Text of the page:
Local News Briefs
Report on fire stations seeks budget increase
City council will be asked to approve just under $2.5 million in next year’s budget to pay for overruns in the city’s controversial fire station replacement program, the Winnipeg Sun reports. The overruns costs include expansions on the plans for the new Fire Station No. 11, which grew from 10,500 sq. ft. to 14,000 sq. ft in size without council approval, and accounts for $2.2 million of the budget increase. Deepak Joshi, the city’s chief operating officer, claimed the fire chief approved the change in the project believing it would not require a budget increase.
Pension battle taken to Supreme Court
MTS pensioners’ appeal has been granted leave to appeal its case to the Supreme Court of Canada, the Winnipeg Free Press reports. The 14-year-old dispute is over a $43.3 million pension surplus lost when the company switched from a Crown Corporation to a publicly traded company in 1996. In 2010, the Manitoba Court of Appeal overturned a Court of Queen’s Bench ruling that forced MTS to repay the lost surplus - a ruling that would have cost the company about $100 million. Although the pensioners are pleased with their opportunity to appeal, MTS chief legal officer Paul Beauregard does not believe the upcoming hearing will overturn the Manitoba Court of Appeal.
Katz celebrates public-private partnerships
Mayor Sam Katz praised public-private partnerships in an appearance before a parliamentary committee in Ottawa on Oct. 23, the Winnipeg Free Press reports. The House of Commons government operations committee is looking into the usefulness of P3s, where governments contract out the design, construction, operations and maintenance of public infrastructure to the private sector. Katz has completed three P3 projects in Winnipeg since his inauguration, including the recently complete Disraeli Freeway upgrades, which Katz claims saved the city $48 million. P3 proponents claim the private sector better delivers projects within budget and time constraints than governments. Opposition MPs on the committee requested Katz provide documentation to support his assertion.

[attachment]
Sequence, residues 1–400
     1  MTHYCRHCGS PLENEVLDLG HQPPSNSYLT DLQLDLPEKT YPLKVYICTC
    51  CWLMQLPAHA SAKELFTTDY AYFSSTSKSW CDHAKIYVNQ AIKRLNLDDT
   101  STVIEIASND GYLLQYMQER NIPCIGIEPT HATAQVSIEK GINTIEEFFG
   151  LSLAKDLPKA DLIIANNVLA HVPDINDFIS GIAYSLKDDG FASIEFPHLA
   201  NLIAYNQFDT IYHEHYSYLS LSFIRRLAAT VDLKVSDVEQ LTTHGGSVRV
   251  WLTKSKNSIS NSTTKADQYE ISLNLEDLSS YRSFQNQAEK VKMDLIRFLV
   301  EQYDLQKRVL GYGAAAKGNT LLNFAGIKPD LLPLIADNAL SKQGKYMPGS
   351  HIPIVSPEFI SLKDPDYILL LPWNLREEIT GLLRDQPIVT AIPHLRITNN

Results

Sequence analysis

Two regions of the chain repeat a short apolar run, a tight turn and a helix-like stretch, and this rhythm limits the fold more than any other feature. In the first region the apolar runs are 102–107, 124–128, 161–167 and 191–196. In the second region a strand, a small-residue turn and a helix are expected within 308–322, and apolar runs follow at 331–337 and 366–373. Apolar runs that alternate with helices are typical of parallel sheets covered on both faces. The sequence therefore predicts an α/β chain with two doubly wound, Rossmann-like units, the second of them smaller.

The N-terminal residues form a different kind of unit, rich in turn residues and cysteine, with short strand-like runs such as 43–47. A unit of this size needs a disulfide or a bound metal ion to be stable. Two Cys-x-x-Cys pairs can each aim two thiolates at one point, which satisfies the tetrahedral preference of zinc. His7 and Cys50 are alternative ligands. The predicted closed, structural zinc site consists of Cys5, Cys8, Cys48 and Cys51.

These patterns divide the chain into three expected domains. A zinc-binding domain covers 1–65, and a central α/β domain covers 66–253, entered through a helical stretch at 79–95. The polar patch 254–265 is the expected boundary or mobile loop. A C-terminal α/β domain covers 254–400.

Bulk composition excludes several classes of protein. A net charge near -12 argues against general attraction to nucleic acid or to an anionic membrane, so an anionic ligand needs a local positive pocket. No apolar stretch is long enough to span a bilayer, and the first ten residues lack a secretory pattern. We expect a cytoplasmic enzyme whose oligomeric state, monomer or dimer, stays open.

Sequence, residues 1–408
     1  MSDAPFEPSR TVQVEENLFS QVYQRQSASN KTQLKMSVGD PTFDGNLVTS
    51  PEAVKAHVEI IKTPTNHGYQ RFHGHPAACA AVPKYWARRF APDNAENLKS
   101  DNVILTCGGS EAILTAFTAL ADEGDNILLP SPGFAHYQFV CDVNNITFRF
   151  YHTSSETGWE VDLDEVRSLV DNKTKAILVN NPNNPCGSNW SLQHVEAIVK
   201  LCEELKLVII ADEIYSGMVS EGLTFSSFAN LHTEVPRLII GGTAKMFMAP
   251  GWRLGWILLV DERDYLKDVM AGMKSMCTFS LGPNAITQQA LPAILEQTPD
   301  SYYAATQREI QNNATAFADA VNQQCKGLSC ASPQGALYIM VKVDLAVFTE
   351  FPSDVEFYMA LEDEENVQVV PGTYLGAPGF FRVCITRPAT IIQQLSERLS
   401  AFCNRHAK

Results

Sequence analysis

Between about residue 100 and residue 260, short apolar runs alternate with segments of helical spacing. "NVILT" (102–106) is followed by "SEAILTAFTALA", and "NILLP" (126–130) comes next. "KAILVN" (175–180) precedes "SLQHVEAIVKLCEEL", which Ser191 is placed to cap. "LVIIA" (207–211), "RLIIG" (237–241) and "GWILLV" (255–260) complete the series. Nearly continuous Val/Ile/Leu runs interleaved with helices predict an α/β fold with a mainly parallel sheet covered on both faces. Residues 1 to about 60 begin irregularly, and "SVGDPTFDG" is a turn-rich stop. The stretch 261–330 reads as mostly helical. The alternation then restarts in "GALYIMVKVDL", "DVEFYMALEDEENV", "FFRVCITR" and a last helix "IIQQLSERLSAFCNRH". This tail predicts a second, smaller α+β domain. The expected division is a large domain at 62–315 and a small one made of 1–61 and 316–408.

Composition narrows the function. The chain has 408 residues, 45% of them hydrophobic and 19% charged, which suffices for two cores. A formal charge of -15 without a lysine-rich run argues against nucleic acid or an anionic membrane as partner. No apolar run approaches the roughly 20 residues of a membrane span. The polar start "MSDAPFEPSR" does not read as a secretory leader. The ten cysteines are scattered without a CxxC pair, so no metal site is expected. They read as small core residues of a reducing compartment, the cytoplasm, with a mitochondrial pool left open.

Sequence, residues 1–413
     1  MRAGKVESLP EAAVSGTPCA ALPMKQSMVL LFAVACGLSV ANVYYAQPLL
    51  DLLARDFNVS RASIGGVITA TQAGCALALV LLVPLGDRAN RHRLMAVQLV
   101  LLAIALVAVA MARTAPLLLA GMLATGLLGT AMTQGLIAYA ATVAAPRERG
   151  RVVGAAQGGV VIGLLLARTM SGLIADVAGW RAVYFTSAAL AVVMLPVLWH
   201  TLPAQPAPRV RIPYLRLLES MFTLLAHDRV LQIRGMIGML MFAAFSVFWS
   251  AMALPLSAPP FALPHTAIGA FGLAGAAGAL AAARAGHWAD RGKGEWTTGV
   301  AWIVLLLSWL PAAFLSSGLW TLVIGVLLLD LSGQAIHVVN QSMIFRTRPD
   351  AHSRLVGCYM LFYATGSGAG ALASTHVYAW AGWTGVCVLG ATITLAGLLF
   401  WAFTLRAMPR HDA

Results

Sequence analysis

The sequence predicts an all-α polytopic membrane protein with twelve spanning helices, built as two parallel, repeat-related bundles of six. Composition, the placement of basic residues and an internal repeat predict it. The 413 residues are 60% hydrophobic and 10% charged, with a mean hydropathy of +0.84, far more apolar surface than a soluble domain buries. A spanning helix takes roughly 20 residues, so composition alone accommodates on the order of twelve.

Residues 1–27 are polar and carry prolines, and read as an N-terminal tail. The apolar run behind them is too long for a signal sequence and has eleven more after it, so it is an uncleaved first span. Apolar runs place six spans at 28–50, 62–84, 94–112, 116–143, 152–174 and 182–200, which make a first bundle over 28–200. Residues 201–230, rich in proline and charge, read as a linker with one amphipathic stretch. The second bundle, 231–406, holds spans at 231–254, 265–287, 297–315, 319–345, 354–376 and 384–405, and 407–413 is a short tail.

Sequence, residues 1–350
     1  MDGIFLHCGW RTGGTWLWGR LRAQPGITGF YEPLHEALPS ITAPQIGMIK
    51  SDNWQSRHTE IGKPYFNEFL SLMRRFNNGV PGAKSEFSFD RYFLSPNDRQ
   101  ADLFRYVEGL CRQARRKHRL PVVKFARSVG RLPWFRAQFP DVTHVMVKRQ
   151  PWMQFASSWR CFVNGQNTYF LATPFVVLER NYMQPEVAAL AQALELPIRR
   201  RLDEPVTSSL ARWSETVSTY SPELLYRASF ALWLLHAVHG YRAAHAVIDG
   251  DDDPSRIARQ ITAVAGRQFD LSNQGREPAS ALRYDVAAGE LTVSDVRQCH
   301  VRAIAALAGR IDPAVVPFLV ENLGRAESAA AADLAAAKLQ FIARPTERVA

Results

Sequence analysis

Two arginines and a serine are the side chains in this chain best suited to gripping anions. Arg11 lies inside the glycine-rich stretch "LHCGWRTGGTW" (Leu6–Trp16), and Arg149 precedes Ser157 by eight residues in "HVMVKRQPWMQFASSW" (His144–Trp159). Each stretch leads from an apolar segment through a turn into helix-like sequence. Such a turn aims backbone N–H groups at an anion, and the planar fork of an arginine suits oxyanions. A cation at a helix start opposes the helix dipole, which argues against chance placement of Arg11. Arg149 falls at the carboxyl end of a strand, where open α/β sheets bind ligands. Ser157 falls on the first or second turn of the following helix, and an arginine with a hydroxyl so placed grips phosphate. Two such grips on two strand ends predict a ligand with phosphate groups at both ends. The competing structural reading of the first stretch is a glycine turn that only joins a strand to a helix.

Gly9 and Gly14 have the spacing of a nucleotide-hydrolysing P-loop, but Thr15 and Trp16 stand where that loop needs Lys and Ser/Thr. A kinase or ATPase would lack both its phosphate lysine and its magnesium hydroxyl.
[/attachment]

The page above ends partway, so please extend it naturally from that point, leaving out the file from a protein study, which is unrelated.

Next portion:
Phoenix inquiry to resume
An inquiry into the death of five-year-old Phoenix Sinclair has been cleared to resume, the Winnipeg Free Press reports. Three days after it began Sept. 5, the inquiry was delayed to discuss the disclosure of witness interviews. Manitoba’s Court of Appeal recently ruled that transcripts of interviews with some 140 testifying witnesses do not have to be fully disclosed. The inquiry examines how Sinclair was beaten to death in 2005 by her mother and her mother’s boyfriend only months after child and welfare workers returned her to her family. The inquiry is expected to resume in a few weeks.
Tories pitch income tax cut
In calling for an income tax cut on Oct. 24, Manitoba Opposition Leader Brian Pallister was criticized for entertaining the idea of a harmonized sales tax in which companies do not pay sales tax on items bought for their business, the Winnipeg Free Press reported. Pallister requested an increase to the threshold earners start paying income tax at - from $8,634 to $10,617. The increase would save each earner $200 annually, Pallister said. The governing NDP claims Pallister’s request has left the door open to a harmonized sales tax. The provincial finance department said HST would save businesses $510 million, and cost consumers $405 million annually.
Published in Volume 67, Number 9 of The Uniter (October 31, 2012)